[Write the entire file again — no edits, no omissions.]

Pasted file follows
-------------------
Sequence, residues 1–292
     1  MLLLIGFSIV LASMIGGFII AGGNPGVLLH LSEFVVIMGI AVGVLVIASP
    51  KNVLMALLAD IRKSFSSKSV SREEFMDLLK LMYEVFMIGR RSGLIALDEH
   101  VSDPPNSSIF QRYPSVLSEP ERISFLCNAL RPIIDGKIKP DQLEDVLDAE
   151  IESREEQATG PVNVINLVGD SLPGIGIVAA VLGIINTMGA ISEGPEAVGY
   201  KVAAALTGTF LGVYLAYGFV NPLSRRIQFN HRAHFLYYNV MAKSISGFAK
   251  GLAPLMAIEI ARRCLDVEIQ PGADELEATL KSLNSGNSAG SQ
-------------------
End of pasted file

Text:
Sequence, residues 1–292
     1  MLLLIGFSIV LASMIGGFII AGGNPGVLLH LSEFVVIMGI AVGVLVIASP
    51  KNVLMALLAD IRKSFSSKSV SREEFMDLLK LMYEVFMIGR RSGLIALDEH
   101  VSDPPNSSIF QRYPSVLSEP ERISFLCNAL RPIIDGKIKP DQLEDVLDAE
   151  IESREEQATG PVNVINLVGD SLPGIGIVAA VLGIINTMGA ISEGPEAVGY
   201  KVAAALTGTF LGVYLAYGFV NPLSRRIQFN HRAHFLYYNV MAKSISGFAK
   251  GLAPLMAIEI ARRCLDVEIQ PGADELEATL KSLNSGNSAG SQ